JIS News

The employment forecast for Jamaica shows opportunities in education, health care and social assistance, and professional and business services, including Information Communication Technology (ICT).
Hospitality, financial, scientific and technical services, construction, and creative and cultural industries, also show strong prospects.
Manager of the Human Development Unit at the Planning Institute of Jamaica (PIOJ), Mr. Steven Kerr, made the revelation as he delivered a presentation to secondary and tertiary level students on labour market trends yesterday (October 27) at the Northern Caribbean University (NCU) campus in Mandeville.
According to Mr. Kerr 1.9 million jobs vanished in 2008 with nearly two-thirds of them in the final quarter of the year. In Jamaica, there were 16,206 job losses between October 2008 and September 2009.
He advised the students in attendance to look to global and local labour market trends in making career choices.
In Jamaica, market trends show that the hottest jobs are in management, education and training, sales and marketing, front or desk administration, food services and accounting. “Those are the jobs advertising predominantly in the newspaper ever since 2002,” Mr. Kerr informed.
He said that there are also entrepreneurial opportunities in a variety of areas. “We think that people, who have entrepreneurial training, entrepreneurial ideas can make some money. There are opportunities that people can get into,” he stated.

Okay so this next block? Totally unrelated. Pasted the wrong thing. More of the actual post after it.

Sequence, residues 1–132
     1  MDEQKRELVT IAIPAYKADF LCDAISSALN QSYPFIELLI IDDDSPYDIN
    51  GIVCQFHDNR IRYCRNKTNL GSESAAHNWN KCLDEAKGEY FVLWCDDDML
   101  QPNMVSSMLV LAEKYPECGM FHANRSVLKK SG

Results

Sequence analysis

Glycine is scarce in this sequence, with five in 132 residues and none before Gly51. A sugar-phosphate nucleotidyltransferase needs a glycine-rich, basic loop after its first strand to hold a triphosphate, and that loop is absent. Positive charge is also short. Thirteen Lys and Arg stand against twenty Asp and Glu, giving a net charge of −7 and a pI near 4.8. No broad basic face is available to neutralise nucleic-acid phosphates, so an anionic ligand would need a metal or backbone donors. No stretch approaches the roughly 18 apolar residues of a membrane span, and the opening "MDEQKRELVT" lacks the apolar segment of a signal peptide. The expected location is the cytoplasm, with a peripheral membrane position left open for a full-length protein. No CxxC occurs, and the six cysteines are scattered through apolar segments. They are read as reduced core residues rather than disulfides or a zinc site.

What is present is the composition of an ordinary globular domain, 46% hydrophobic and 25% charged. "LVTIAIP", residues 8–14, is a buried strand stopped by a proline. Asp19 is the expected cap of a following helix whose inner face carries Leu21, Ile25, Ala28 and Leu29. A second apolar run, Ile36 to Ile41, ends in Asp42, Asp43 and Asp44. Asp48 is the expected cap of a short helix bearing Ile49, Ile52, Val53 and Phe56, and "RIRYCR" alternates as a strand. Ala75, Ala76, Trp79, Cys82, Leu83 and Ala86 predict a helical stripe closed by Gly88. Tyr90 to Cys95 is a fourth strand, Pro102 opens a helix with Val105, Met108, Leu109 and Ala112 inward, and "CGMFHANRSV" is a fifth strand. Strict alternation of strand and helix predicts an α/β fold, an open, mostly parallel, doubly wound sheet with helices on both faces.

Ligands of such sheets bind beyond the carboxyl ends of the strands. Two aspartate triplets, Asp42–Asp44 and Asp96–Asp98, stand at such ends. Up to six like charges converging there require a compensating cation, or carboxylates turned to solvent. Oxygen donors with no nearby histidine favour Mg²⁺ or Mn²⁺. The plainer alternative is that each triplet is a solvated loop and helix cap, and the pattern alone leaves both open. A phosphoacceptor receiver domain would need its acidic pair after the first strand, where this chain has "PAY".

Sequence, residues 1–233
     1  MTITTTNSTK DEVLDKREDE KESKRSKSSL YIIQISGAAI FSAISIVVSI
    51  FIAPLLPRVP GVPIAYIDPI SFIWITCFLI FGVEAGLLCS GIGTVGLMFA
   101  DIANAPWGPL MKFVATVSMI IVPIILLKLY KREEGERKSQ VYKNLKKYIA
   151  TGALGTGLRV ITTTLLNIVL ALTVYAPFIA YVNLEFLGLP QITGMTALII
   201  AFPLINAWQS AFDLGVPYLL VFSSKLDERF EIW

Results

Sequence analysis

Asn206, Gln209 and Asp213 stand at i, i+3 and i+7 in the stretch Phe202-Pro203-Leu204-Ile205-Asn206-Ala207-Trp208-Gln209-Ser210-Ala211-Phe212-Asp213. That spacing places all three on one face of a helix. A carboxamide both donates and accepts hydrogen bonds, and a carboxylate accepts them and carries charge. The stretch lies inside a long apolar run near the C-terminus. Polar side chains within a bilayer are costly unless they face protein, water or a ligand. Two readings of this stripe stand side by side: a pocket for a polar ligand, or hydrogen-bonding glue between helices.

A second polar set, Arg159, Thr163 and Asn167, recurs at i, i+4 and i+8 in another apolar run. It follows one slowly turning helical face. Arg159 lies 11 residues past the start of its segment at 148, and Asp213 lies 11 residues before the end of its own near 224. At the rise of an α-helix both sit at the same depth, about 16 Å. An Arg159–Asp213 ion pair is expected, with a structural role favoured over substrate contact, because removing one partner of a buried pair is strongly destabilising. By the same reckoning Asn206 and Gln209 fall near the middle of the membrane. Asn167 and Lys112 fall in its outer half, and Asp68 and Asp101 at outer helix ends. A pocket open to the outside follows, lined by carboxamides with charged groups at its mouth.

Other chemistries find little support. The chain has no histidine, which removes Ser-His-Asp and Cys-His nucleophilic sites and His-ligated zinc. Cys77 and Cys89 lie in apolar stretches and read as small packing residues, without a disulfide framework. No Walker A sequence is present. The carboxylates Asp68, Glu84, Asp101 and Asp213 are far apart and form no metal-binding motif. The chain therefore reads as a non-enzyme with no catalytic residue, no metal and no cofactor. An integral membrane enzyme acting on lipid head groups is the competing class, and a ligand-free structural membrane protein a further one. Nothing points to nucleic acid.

Turning to the global picture, he informed that while construction, mining, manufacturing, retail and insurance have been the hardest hit by the financial downturn, industries such as health, education, government, agriculture, legal services, and financial services such as accounting seems to be recession-proof.
He said that for those who want to migrate to work, the employment trends for the United States of America for 2006-2016 indicate that there will be increased employment in industries such as leisure and hospitality services, education and health services, trade, transport and utilities, financial activities and professional and business services.
The 2006-2011 outlook for Canada indicates that over 80 per cent of the total job opportunities will be in the services sector with the top three service-producing industries being retail and wholesale trade, health care, and social assistance, professional, scientific and technical services.
He added that many persons will be employed in Canada in the oil and gas sector. “The increase in employment in mining, oil and gas and support services will be fuelled by rising global commodity prices,” he informed.
In the meantime, Mr. Kerr is imploring students to acquire work experience either through their church, volunteer their service to companies and access higher learning.
He said that those, who are typically most affected by unemployment, are those workers with limited education, noting that the higher the level of educational attainment, the greater the scope for increased earnings.

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